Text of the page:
hazwoperThe Hazardous Waste Operations and Emergency Response (HAZWOPER) Health and Safety Plan (HASP) applies to cleanup operations required by government agencies at uncontrolled hazardous waste sites, corrective actions involving cleanup at Resource Conservation and Recovery Act (RCRA)-regulated sites, and voluntary cleanup at uncontrolled hazardous waste sites, the clean up can take place with the help of bin hire Carnegie. HASP is limited to the Occupational Safety and Health Administration’s (OSHA) HAZWOPER requirements at 29 CFR 1910.120(b)-(o) and, therefore, does not apply to treatment, storage, and disposal facilities (TSDFs) licensed under RCRA that are not subject to corrective actions, nor to the emergency responder requirements under Section (q) of the standard. Furthermore, industrial and manufacturing facilities that are also being inspected by FDA may need to work with an FDA regulatory consulting agency to ensure they comply with their requirements and regulations. It would also help to put custom printed tags that provide safety instructions as well as warning signs all over the facility. Employees may be required to undergo a LOTO Training to help avoid accidents or injuries inside the facility.

Below are some basic elements that you should make sure  are in your  your facility’s Health and Safety Plan (HASP)…

  1. Site Characterization and Analysis (29 CFR 1910.120(c)) – Initial site characterization and analysis must be performed by a qualified person in order to choose and justify engineering controls, work practices, and personal protective equipment (PPE). They should checkout the historical data and then work a plan to anticipate site conditions to then identify appropriate procedures. At a bare minimum take into consideration  conditions that….
    • Can become Immediately dangerous to life or health (IDLH).
    • Could exceed published exposure levels (e.g., OSHA permissible exposure limits (PELs), ACGIH TLVs®, National Institute for Occupational Safety and Health (NIOSH) RELs).
    • Could indicate exposure over radioactive dose limits (see 10 CFR 20).
    • Are otherwise dangerous conditions, including but not limited to the presence of flammable or oxygen-deficient atmospheres.
  2. Site Control (29 CFR 1910.120(d)) – These procedures should identify contaminated areas and appropriate work practices, address preventing unauthorized or unprotected workers from entering contaminated areas, and define controlling the migration of site contaminants. To enhance safety measures, implement occupational health and safety software, make sure your plan sections off work zones and establishes safe work and communication procedures for each of these zones. The plan will  need a site map and shows the zones and explains how they will be made physically visible. The plan must explain your method for controlling entry into contaminated areas, to make sure to restrict it to only authorized employees with sufficient training. Medial information, along with the route to the nearest medical facility must be posted in the contamination or support zone(s), Emergency communication procedures must be written and explained to employees.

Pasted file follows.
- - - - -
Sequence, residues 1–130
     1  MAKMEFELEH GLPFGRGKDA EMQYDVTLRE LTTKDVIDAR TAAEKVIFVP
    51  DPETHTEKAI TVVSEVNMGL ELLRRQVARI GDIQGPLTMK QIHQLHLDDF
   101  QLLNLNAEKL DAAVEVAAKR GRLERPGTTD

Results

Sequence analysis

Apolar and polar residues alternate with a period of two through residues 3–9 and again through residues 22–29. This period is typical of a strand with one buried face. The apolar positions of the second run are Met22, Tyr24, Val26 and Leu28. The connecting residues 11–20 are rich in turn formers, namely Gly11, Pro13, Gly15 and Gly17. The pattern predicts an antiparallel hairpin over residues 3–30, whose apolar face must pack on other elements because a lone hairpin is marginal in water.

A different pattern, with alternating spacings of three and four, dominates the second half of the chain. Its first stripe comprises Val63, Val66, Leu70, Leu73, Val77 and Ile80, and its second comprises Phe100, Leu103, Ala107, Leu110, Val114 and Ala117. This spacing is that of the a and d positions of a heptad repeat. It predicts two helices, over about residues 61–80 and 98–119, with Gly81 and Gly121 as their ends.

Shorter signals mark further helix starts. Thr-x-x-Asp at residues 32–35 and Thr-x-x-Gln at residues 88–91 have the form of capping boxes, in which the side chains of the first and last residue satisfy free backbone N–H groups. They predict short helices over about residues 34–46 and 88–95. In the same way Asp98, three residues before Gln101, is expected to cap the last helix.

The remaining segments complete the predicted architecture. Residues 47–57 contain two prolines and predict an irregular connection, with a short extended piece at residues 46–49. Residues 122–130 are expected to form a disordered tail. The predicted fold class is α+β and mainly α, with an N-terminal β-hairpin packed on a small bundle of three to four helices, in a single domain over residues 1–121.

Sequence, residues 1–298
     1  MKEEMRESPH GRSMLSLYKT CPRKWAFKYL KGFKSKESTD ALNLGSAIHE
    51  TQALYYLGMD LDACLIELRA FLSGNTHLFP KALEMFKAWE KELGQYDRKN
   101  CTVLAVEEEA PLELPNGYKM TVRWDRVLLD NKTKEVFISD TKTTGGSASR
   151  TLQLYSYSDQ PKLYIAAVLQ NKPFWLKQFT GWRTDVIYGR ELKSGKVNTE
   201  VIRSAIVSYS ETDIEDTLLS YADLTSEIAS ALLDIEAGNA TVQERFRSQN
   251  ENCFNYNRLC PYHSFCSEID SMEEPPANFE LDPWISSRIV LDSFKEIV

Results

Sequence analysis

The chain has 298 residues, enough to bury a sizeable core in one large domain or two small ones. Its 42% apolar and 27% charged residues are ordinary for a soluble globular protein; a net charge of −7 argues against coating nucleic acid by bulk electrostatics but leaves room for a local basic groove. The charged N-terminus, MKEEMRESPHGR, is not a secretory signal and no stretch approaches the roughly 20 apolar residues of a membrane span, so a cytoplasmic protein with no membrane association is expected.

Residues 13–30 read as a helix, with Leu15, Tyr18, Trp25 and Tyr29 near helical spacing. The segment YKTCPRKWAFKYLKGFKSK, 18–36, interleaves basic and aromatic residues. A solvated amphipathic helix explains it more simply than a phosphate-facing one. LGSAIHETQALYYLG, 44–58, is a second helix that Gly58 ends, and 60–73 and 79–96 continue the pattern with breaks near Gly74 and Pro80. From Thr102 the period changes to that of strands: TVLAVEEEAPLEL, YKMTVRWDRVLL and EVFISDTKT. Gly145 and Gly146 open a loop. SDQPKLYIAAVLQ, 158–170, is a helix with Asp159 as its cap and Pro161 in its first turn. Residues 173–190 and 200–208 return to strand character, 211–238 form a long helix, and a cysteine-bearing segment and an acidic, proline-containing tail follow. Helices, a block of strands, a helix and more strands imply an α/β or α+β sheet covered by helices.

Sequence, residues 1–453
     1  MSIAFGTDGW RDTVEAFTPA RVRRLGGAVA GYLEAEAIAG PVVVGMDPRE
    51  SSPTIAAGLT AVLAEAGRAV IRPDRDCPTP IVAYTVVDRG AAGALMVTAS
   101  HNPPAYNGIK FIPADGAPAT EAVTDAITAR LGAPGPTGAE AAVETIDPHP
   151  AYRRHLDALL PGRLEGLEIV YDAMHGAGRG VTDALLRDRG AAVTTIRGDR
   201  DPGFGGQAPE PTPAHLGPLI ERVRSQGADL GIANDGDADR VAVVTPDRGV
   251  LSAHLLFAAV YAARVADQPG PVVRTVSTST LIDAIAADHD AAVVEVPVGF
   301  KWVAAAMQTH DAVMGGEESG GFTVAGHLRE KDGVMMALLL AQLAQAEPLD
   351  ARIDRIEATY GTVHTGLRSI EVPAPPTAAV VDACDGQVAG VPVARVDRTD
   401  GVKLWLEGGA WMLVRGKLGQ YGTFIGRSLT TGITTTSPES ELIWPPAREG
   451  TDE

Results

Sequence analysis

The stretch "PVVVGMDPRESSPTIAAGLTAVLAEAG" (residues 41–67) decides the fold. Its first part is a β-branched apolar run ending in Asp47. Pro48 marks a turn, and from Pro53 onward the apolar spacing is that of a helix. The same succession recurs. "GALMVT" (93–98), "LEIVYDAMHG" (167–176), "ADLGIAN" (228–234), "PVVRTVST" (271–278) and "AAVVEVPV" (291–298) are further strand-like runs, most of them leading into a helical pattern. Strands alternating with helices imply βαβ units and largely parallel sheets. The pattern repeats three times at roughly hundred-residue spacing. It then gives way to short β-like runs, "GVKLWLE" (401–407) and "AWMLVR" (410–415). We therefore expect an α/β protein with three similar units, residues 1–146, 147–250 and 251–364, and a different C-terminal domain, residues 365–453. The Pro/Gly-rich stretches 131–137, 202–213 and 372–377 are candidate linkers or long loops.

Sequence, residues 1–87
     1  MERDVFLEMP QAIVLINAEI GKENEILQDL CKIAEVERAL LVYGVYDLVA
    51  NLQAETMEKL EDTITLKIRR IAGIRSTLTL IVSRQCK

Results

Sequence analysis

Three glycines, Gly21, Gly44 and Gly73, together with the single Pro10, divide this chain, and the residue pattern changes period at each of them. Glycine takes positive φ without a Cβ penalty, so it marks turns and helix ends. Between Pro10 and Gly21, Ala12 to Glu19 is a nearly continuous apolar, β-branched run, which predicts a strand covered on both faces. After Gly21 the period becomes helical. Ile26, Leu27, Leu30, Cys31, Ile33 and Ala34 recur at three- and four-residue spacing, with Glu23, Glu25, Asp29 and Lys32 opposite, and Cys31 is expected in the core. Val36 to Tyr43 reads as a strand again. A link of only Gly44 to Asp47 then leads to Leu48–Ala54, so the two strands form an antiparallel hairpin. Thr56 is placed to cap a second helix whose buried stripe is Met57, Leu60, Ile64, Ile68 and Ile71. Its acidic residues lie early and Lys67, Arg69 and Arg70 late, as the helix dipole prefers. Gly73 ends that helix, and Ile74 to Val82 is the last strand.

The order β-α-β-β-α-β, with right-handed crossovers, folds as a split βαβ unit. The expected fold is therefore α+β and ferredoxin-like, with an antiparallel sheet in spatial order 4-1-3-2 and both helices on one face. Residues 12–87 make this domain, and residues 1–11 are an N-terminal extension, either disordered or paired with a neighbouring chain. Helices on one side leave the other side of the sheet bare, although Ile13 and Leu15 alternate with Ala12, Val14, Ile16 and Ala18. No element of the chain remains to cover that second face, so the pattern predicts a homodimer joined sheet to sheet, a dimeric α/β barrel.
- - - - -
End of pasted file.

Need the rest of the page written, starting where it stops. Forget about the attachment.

3. Training (29 CFR 1910.120(e)) and Information Programs (29 CFR 1910.120 (i)) – Employees must be safety trained before work begins. Required training is described in 29 CFR 1910.120(e) and is a combination of classroom instruction, site-specific information, and supervised fieldwork. Initial training must be updated with 8 hours of refresher training annually. You are also required to inform employees and contractors of the types and level of hazards associated with operations. Nonmandatory Appendix E provides training criteria and content guidance. Your plan must identify which jobs require training what is need to be fulfilled before beginning work.  
  4. Medical Surveillance (29 CFR 1910.120(f)) – If you have employees who meet any of following criteria, you need to establish a medical surveillance program. A licensed physician needs determine the content of the medical exams to be provided to your employees and baseline, periodic, and exit exams are required. A physician’s written opinion must be provided after each employee’s medical exam and in almost all cases you must keep both employees’ medical and exposure records for the duration of their employment, plus 30 years. Employees and their representatives have the right to access these records. Employees must be included in the medical surveillance program if they…
    • Are or may be exposed to hazardous substances above permissible limits for at least 30 days per year.
    • Wear a respirator for at least 30 days per year.
    • Become ill or show signs or symptoms of job-related overexposure to hazardous substances.
    • Are members of a hazardous materials (hazmat) team.
  5. Engineering Controls, Work Practices, and PPE for Employee Protection (29 CFR 1910.120(g)) – Controls and work practices must be in your plan and if they require PPE, you must include a written PPE program that describes how you select and use PPE based on the tasks and the amounts of site contaminants. The PPE program must explain how to use PPE and what their limitations are along with keeping them viable and training to use them and such. The PPE program must them be evaluated.

Need someone to help your business to stay compliant or advise you on your HAZWOPER or HASP plans? We work with these regulations everyday and know how to handle it for you, so you can focus on your core business.  

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